New Jersey’s State Investment Council agreed to increase the state Division of Investment‘s private equity and private credit target allocations Wednesday.
Staff said the asset classes had a positive outlook in the aftermath of the coronavirus crisis, even though there will be little clarity on the state of private market valuations until this fall.
“Private equity performance tends to increase following downturns,” Division Director Corey Amon told council at its meeting, conducted via teleconference. “This is the point in time that private capital can buy portfolio companies at more attractive prices and with less competition.”
Amon gave a presentation on asset allocation, pointing out that the state’s $75 billion fund was in good shape from a liquidity standpoint, meaning it could afford to shift to more “return-seeking” investments that bring greater risk but also greater possible returns.
The Division’s private equity target was raised to 13 percent from 12 percent. Its private credit target went up to 8 percent from 6 percent.
The Division will take its time building its portfolio towards the allocation, though—meaning that for the time-being, its benchmark weight will remain at 12 percent. The private credit benchmark weight will only go up to 7 percent.
“You want to take an approach that would support vintage year diversification without taking an approach that would also result in concentrated risk to any GPs,” Amon said.
Amon also stressed the wide spread between upper and lower quartile returns in private equity.
“It’s critically important to the successful implementation of a due diligence process that we identify differentiated GPs that demonstrate investment discipline in the multiples they pay for companies and in the use of leverage,” he said. “This differentiates GPs with the team and resources that can achieve value-added operational improvements and to invest opportunistically in the business for better long-term results.”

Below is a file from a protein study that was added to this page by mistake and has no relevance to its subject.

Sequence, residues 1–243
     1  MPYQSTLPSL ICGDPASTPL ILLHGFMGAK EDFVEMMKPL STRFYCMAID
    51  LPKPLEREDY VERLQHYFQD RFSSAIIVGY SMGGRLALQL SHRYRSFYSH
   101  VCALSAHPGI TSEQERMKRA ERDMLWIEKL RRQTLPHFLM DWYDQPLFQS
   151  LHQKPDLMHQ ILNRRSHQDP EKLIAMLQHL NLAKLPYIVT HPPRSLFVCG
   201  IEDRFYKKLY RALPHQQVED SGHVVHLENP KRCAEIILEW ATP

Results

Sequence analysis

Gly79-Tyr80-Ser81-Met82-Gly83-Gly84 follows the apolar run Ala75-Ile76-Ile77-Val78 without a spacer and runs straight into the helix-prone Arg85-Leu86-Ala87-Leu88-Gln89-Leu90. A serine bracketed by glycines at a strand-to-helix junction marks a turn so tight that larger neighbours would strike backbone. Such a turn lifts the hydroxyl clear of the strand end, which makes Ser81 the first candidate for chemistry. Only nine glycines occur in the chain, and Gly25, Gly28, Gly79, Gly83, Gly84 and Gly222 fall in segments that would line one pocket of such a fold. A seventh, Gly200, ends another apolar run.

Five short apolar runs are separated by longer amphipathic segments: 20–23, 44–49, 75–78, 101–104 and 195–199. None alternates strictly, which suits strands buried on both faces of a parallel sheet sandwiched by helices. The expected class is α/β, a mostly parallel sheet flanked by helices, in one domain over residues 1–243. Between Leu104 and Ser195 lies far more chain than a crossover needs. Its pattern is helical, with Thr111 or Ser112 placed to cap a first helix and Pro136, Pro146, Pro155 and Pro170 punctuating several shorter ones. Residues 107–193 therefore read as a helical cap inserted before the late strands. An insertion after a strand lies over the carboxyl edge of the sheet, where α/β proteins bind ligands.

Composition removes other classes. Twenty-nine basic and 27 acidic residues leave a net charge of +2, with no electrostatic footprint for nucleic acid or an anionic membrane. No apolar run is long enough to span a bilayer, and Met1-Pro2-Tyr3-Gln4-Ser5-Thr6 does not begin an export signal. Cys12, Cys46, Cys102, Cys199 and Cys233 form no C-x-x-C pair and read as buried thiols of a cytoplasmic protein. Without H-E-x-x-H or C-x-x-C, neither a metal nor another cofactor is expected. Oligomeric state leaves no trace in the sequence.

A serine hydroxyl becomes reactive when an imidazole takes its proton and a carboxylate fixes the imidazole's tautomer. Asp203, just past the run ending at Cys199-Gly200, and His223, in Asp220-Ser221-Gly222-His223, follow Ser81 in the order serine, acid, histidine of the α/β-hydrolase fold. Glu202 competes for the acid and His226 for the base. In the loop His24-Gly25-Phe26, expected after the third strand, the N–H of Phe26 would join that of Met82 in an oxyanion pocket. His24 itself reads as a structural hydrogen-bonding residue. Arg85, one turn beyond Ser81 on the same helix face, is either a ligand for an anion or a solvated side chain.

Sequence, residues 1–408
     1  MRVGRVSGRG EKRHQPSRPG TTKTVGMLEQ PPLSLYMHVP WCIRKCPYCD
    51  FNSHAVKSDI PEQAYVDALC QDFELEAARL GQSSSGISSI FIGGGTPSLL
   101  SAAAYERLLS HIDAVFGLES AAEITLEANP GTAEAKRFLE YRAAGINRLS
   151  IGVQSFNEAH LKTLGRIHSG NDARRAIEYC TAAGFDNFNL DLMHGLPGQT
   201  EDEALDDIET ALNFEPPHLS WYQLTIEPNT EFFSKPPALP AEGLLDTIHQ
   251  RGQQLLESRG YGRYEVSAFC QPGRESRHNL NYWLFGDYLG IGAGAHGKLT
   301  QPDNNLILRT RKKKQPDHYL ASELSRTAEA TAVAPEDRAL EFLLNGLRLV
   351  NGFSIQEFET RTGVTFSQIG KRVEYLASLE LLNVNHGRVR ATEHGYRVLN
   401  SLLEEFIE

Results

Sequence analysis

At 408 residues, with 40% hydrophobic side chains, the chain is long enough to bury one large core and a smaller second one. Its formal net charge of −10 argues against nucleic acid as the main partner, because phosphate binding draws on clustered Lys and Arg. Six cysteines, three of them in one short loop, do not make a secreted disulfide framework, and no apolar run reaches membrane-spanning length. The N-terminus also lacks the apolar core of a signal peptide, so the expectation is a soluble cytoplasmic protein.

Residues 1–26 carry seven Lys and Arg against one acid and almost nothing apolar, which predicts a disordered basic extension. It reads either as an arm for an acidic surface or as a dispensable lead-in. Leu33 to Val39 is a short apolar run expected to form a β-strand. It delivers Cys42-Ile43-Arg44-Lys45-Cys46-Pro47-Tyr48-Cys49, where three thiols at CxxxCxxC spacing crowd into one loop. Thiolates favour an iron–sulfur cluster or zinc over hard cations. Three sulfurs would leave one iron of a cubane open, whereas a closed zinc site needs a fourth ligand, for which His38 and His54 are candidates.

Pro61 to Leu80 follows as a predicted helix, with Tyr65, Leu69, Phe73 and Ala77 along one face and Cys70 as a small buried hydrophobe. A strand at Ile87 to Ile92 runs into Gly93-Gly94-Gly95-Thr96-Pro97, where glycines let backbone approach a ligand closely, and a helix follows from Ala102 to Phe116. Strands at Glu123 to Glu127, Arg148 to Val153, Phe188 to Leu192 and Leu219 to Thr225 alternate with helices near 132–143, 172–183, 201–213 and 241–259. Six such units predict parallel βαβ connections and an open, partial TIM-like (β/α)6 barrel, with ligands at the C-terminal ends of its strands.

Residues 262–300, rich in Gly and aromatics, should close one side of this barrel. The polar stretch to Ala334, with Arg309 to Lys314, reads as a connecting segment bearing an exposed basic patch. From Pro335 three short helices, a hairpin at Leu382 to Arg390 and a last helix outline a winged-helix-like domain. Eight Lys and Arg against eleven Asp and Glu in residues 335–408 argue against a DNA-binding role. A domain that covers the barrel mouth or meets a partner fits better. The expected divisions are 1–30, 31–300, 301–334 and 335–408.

The council approved both changes.
At the same meeting, Amon presented a returns report for all the division’s asset classes, but warned that market volatility has meant that it will be a few months before the true impact of that volatility on its private holdings will be known.
“Returns for private market assets are not updated on a timely basis. Instead, the valuations and returns reflect information as it becomes available, with market values generally reflecting up-to-date cash flows but dated valuations,” Amon said. “Near-term performance returns for private markets are not up-to-date, and benchmark returns are lagged, providing limitations on performance and analysis following a highly volatile financial market period of time.”
“While this is always the case, highly volatile markets have magnified these issues,” he went on. “While we’re not able to provide complete information until valuations have been completed, we can continue to keep you up-to-date on key factors impacting the pension fund’s return.”
New Jersey confirmed that Jared Speicher has taken over as interim head of private equity and permanent head of private credit following the retirement of Robin Clifford. Clifford announced her departure at the last meeting, as Buyouts reported. She has since joined Franklin Templeton Private Equity, as Buyouts reported.
Action Item: read the agenda for New Jersey’s State Investment Council July 22 meeting here.